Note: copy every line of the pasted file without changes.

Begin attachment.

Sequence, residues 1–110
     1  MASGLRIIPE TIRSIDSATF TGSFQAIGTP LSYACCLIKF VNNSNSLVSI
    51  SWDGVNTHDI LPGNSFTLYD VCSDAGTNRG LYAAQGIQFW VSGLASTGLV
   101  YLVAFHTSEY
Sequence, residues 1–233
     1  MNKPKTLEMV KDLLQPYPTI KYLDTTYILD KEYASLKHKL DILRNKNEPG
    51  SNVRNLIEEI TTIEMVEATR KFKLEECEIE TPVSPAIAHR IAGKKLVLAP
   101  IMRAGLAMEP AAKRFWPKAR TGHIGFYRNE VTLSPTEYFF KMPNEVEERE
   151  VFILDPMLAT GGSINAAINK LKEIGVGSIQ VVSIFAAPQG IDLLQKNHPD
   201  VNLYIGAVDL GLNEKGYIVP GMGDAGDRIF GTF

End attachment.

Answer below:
Sequence, residues 1–110
     1  MASGLRIIPE TIRSIDSATF TGSFQAIGTP LSYACCLIKF VNNSNSLVSI
    51  SWDGVNTHDI LPGNSFTLYD VCSDAGTNRG LYAAQGIQFW VSGLASTGLV
   101  YLVAFHTSEY
Sequence, residues 1–233
     1  MNKPKTLEMV KDLLQPYPTI KYLDTTYILD KEYASLKHKL DILRNKNEPG
    51  SNVRNLIEEI TTIEMVEATR KFKLEECEIE TPVSPAIAHR IAGKKLVLAP
   101  IMRAGLAMEP AAKRFWPKAR TGHIGFYRNE VTLSPTEYFF KMPNEVEERE
   151  VFILDPMLAT GGSINAAINK LKEIGVGSIQ VVSIFAAPQG IDLLQKNHPD
   201  VNLYIGAVDL GLNEKGYIVP GMGDAGDRIF GTF